If You have burnt on food or significant rust, steel wood will buff that away. These SOS pads even have dish soap right in them to help break up residue. However you will ONLY want to use these if you are planning to fully season your pan. The soap will strip any seasoning on your pan.

    A Neutral Oil for Seasoning

    We’ll talk about this later in greater depth, but when picking the oil to season your pan, opt for a light oil with neutral flavor, like vegetable or canola oil.

    How To Properly Season Your Cast Iron Skillet

    1. Preheat your oven to 350°F.
    2. Start with a clean pan. Refer to the last section if your skillet has rust or burnt food on its surface. Then wash with hot soapy water.
    3. Dry your pan thoroughly with a clean towel.
    4. Using a paper towel, rub a thin layer of cooking oil or seasoning spray onto the skillet’s surface. Make sure to cover the handle and bottom side of the pan too.
    5. Place your skillet in the oven for 1 hour. Then turn the oven off and allow your skillet to cool slowly in the oven.
    6. When the skillet is cool, wipe down with a dry paper towel to remove excess oil.

    You don’t need to bake the skillet after every use. This full seasoning process if only necessary when your seasoning has been removed by washing with soap, burning food onto the surface, or when you notice rust.

    How To Maintain Your Skillet

    It isn’t necessary to strip and season your skillet after every use. When you cook with your cast iron skillet, Simply wash it with hot water and a mildly abrasive tool like a washcloth or sponge.

    Make sure the pan is DRY! I will sometimes allow my pan to heat on the stove once it’s clean to ensure that all the moisture is gone.

    Then coat it with a thin layer of oil before you store it.

    That’s it!

    What Oil Can You Use to Season?

    When seasoning your cast iron skillet, I recommend you stay away from animal fats, like lard or duck fat, as those fats have a higher likelihood of turning rancid. I personally use canola or vegetable oil, because of their shelf lives and neutral flavor.

    You can use virtually any cooking oil to season, but I advise you to stay away from oils that have strong flavors like olive oil, peanut oil, or sesame oil.

    Whatever you decide to use, research that oil’s smoke point. When you season a pan, a chemical reaction takes place that bonds the oil and meal. You need to get the pan up to the smoke point temperature of your oil in order for the bond to occur.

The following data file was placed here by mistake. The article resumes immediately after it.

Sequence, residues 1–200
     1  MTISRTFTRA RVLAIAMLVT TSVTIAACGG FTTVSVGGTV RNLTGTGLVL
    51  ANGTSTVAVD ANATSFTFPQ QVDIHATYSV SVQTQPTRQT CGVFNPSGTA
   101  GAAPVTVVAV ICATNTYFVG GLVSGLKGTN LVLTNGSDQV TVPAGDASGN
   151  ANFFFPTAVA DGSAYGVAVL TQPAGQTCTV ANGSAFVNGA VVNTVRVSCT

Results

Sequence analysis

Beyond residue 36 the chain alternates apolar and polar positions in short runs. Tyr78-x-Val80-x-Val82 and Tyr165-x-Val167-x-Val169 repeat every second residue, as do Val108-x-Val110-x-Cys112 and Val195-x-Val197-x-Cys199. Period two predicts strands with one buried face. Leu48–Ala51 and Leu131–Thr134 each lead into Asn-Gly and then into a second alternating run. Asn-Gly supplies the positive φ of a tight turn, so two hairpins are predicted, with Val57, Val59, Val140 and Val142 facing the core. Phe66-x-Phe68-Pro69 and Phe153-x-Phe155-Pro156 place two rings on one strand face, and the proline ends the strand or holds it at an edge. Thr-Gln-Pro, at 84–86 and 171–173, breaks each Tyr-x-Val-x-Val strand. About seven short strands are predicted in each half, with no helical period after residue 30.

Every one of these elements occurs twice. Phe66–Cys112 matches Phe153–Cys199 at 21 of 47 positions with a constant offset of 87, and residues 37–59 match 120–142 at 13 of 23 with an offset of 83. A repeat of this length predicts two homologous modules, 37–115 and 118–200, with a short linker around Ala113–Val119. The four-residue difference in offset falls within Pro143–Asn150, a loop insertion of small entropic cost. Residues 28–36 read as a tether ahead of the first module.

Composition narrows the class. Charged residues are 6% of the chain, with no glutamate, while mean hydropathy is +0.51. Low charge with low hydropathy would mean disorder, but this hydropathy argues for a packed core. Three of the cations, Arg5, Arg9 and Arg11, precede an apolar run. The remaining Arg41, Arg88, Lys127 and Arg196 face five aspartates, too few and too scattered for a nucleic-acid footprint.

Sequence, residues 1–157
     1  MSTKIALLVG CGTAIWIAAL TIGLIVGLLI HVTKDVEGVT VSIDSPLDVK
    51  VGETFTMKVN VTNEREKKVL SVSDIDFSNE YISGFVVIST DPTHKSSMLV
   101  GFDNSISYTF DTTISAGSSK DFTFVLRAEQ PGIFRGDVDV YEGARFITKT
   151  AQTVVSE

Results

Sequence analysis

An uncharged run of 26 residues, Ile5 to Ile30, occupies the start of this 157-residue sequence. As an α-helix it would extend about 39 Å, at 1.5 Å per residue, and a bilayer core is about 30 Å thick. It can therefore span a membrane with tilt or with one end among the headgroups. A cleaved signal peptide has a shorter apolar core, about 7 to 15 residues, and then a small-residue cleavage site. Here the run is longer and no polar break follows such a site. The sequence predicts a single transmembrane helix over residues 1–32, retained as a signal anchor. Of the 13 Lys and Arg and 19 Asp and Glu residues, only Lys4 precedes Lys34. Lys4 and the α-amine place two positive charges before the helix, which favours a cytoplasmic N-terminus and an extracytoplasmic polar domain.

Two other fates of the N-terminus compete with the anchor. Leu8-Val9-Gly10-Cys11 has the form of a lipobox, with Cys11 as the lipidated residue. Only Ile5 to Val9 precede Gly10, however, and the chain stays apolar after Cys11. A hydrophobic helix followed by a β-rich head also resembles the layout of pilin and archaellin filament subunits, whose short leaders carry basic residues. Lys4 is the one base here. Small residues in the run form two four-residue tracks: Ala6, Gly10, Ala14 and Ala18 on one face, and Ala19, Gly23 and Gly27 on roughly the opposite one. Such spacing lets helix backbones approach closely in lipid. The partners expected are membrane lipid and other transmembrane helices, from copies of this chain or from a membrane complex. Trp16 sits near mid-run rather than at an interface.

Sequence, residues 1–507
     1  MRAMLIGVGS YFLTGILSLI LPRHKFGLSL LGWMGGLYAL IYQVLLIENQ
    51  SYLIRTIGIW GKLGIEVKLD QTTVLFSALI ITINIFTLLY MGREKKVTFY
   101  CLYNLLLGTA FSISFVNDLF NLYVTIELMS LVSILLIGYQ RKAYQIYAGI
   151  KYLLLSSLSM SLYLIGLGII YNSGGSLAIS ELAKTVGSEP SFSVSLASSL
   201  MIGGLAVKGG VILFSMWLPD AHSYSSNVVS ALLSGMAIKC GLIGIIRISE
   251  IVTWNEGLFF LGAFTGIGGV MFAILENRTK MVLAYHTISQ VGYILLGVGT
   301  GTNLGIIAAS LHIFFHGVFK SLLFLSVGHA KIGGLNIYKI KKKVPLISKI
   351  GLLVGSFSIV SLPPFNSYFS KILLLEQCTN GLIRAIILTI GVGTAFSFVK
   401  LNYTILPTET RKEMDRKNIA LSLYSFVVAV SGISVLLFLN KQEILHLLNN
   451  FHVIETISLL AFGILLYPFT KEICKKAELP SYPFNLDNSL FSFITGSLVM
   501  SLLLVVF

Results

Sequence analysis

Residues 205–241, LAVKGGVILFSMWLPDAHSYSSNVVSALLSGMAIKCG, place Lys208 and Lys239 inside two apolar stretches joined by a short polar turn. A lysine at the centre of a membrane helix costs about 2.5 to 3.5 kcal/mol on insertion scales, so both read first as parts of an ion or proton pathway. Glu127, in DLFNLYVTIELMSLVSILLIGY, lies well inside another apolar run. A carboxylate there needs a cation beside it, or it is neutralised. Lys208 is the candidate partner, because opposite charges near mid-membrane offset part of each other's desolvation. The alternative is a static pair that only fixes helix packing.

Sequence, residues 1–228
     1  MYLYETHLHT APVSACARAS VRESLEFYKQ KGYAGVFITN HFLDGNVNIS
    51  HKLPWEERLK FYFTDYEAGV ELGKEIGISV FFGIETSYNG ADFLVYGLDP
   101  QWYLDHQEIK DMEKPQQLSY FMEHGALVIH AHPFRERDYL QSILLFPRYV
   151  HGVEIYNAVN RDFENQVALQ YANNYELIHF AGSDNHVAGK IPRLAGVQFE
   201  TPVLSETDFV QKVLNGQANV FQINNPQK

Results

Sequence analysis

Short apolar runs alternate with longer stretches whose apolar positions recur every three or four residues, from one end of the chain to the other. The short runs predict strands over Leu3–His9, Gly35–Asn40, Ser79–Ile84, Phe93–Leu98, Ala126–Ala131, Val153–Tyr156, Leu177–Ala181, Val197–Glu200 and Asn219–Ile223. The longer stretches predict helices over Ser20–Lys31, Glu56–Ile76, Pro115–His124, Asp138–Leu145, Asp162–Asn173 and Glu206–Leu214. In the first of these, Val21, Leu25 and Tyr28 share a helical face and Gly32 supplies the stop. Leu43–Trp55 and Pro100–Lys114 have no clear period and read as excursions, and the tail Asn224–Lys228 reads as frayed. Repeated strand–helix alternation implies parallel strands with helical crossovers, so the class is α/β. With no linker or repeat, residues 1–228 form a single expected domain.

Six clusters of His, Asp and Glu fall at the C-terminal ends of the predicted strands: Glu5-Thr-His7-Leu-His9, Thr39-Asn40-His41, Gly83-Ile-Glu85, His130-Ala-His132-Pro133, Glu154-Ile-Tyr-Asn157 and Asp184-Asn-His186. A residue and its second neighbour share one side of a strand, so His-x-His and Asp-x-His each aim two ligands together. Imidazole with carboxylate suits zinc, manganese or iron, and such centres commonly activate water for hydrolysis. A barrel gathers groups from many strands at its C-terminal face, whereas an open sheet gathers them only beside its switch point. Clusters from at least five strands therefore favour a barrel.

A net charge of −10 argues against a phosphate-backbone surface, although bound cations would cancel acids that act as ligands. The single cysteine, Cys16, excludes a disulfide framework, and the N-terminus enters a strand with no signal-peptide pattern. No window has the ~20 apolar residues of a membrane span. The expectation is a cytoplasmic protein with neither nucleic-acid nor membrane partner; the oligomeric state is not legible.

New to cast iron cooking? Here are some dishes to try!

    • Steak
    • Burgers
    • Fried rice
    • Chicken Parmesan
    • Biscuits
    • Cobbler
    • Stir-Fry
    • Chicken Pot Pie
    • Artisan Bread
    • Chocolate Brownie
    • Jambalaya
    • Corn Bread

    Have fun with your cast iron skillet!

    Remember, it will be easier to cook with and to clean the more you use it! And, of course, email me if you have any questions!

    Anita Doseck | Liberty Street Table

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      12 thoughts on “How To Care For Your Cast Iron Skillet”

      1. I love this. I wish I used my cast iron skillet more. My husband does the dishes and hems and haws when I use it. There is no easier way of cleaning it but it’s well worth the tastebuds that go with each meal.

      2. Casey Cromwell

        Thank you for such thorough and helpful instructions! I’ve def been lacking on caring for my cast iron pans.

      3. Thanks for sharing such great tips! we love our cast iron and definitely want it to last for a veryyy long time. will be saving this!

      4. nice tips here, I just stumbled upon on another natural cast iron seasoning and conditioner, you can read more about it on my blog, if interested.
        You can find a whole list on Natural Cleaning Products for Your Home.

      5. Baking soda really is a must have in every household! It is so versatile. Thanks for this tip….an I agree a cast iron skillet can be used for so many recipes!